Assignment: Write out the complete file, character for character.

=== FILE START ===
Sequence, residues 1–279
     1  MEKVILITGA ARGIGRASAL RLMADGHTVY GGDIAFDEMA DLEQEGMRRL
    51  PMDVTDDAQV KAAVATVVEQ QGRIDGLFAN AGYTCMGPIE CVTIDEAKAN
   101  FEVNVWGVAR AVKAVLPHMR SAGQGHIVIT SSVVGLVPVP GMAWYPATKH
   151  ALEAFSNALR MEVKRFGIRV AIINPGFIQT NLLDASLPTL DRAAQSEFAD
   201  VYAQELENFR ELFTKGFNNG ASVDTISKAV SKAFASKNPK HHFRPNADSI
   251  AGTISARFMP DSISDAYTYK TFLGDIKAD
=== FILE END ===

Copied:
Sequence, residues 1–279
     1  MEKVILITGA ARGIGRASAL RLMADGHTVY GGDIAFDEMA DLEQEGMRRL
    51  PMDVTDDAQV KAAVATVVEQ QGRIDGLFAN AGYTCMGPIE CVTIDEAKAN
   101  FEVNVWGVAR AVKAVLPHMR SAGQGHIVIT SSVVGLVPVP GMAWYPATKH
   151  ALEAFSNALR MEVKRFGIRV AIINPGFIQT NLLDASLPTL DRAAQSEFAD
   201  VYAQELENFR ELFTKGFNNG ASVDTISKAV SKAFASKNPK HHFRPNADSI
   251  AGTISARFMP DSISDAYTYK TFLGDIKAD